How do I overcome this type of data break in between my TRL calibration standards? This mostly happens on my second line transition from LINE1 to LINE2 when measuring my DUT's.
The break is because your two line standards are NOT the same impedance. Please make them the same impedance. If you cannot make them the same impedance, measure their impedance and update the calibration kit with the proper impedance.
Hello Dr. Joel,
Thanks for the response. The lines are etched on the exact same substrate with the exact same GCPW ratios along with the same connectors. How can I check the differences in impedance, measure both S11 and overlay on a Smith Chart?
I see now. Is there where I adjust it on the Calkit?
That’s the value you would change. The most proper way would be to do a time domain transform and look at the reflection coefficient in the step mode and compute the impedance from that. OR, a simple way is to take the second line, adjust the impedance up 1 ohm and repeat the cal…see if the step gets bigger or smaller. Then iterate until the step disappears. The s11 of the line includes many effects besides the line impedance, most predominantly the line length and the residual load match. The time domain transform doesn’t have such issues. You can see the details in pages 274-277 of my book.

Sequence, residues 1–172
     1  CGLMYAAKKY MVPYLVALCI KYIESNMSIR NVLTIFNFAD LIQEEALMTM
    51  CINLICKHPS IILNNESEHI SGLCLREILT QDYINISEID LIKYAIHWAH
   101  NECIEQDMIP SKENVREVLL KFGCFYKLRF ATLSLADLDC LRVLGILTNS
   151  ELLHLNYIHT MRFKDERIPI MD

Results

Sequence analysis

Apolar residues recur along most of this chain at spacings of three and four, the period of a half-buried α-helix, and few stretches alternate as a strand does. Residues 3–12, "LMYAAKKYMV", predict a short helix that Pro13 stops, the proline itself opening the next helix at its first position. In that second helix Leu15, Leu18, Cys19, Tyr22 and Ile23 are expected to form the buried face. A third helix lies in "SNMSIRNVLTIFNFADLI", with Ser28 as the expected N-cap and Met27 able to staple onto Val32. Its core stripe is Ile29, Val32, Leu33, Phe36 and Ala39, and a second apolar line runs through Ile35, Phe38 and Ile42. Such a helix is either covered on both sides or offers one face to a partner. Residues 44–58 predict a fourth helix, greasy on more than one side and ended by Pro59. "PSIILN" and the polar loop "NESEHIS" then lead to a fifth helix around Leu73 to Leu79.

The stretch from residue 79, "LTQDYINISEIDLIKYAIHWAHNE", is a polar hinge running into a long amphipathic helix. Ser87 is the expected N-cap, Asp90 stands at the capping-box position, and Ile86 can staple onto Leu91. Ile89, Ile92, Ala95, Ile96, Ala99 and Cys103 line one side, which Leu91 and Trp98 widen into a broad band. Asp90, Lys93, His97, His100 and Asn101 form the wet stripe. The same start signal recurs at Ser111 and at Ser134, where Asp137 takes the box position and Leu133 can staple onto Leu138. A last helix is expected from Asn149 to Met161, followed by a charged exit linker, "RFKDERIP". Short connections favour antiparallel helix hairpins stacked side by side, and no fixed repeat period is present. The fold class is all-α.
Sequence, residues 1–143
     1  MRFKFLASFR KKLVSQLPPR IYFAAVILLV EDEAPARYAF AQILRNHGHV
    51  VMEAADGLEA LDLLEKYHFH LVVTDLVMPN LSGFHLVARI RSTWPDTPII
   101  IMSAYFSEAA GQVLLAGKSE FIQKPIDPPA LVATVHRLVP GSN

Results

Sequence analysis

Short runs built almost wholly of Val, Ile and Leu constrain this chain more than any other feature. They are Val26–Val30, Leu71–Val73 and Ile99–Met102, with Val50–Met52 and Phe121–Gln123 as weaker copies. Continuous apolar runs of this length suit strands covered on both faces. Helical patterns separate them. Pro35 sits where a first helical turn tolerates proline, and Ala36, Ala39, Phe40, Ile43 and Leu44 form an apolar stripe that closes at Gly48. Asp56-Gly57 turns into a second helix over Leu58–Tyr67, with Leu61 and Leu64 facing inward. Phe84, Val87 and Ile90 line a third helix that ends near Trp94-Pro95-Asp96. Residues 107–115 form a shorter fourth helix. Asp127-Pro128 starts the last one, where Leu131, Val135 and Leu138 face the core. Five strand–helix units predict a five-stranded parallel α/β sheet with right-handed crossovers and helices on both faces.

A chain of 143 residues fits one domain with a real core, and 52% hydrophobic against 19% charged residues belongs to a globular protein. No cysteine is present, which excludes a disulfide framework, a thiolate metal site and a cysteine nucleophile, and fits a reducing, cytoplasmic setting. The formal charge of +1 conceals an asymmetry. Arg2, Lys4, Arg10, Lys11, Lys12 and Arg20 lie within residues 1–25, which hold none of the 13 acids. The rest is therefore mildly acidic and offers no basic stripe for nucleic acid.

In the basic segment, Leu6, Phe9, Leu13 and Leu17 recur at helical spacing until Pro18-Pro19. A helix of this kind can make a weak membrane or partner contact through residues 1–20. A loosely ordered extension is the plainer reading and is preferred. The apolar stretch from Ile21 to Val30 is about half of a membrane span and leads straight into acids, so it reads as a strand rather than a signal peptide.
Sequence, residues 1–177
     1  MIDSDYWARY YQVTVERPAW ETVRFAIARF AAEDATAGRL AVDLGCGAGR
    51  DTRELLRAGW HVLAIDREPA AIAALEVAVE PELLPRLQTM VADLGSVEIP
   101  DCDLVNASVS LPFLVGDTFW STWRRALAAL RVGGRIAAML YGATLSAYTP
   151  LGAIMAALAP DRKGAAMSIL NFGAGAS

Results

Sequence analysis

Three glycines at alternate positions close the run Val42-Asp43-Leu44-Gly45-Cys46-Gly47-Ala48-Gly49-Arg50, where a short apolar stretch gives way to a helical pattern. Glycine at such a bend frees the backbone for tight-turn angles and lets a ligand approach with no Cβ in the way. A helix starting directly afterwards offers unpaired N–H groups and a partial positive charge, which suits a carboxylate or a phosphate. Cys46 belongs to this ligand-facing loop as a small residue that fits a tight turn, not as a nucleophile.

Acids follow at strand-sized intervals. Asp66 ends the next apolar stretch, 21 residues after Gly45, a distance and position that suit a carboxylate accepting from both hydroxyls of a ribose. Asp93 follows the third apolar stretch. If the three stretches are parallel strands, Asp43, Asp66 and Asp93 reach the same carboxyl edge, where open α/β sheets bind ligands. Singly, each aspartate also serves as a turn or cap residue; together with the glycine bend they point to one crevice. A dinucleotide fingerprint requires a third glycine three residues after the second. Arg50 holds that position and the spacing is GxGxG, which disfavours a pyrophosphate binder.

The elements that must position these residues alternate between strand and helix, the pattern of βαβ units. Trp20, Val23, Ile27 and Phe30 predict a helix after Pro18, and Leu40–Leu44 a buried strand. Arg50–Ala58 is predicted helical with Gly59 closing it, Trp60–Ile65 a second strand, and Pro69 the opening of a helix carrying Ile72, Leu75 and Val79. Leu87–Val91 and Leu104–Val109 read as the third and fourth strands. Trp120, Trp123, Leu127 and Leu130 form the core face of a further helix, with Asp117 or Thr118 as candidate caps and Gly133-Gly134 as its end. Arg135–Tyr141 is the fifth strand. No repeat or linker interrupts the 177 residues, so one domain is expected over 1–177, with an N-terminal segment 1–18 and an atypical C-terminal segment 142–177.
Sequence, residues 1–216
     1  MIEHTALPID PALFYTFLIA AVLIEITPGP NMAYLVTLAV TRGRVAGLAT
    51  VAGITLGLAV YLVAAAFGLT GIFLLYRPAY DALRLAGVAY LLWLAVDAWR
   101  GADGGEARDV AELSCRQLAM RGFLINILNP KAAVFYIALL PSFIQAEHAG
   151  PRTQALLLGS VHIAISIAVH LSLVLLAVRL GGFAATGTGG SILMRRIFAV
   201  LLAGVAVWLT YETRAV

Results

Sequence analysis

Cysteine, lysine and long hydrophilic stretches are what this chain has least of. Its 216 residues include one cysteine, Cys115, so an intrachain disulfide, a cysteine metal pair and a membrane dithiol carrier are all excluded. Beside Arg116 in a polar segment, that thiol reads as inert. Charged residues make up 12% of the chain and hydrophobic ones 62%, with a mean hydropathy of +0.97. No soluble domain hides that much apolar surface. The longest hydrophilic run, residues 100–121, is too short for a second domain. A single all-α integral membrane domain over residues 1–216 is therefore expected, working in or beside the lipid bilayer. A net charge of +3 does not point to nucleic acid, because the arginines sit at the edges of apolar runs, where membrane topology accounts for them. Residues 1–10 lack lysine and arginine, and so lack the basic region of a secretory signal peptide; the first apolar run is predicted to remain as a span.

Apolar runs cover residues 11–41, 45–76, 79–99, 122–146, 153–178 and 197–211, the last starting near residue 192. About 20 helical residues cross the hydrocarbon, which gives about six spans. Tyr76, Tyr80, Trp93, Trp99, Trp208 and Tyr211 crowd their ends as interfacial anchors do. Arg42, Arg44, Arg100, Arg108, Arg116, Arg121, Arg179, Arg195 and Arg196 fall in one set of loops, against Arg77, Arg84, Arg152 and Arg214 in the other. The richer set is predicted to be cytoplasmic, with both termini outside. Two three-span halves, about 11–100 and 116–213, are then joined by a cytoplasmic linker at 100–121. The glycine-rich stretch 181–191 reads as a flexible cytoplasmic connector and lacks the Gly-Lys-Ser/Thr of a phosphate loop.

This is a place where the Marks NIST style multi-line TRL works better. All line data is used at all frequencies, only the weighting of their contributions varies. The weighting change is a continuous process, avoiding these major steps in response which are really coming from an artificially high return loss when measuring a calibration line over the band that it was used as the calibration reference in traditional TRL. E.g., if you remeasure your shortest line after a traditional TRL cal you will see highest return loss at the highest frequency band.
In this conversation Line Breaks in Multi-line TRL there was a brief discussion about NIST TRL on PNA. The Form Factor (was Cascade Microtech) product WinCal has an implementation of the NIST TRL that could be what you want. I think that there is also an implementation in Python that is also freely available.
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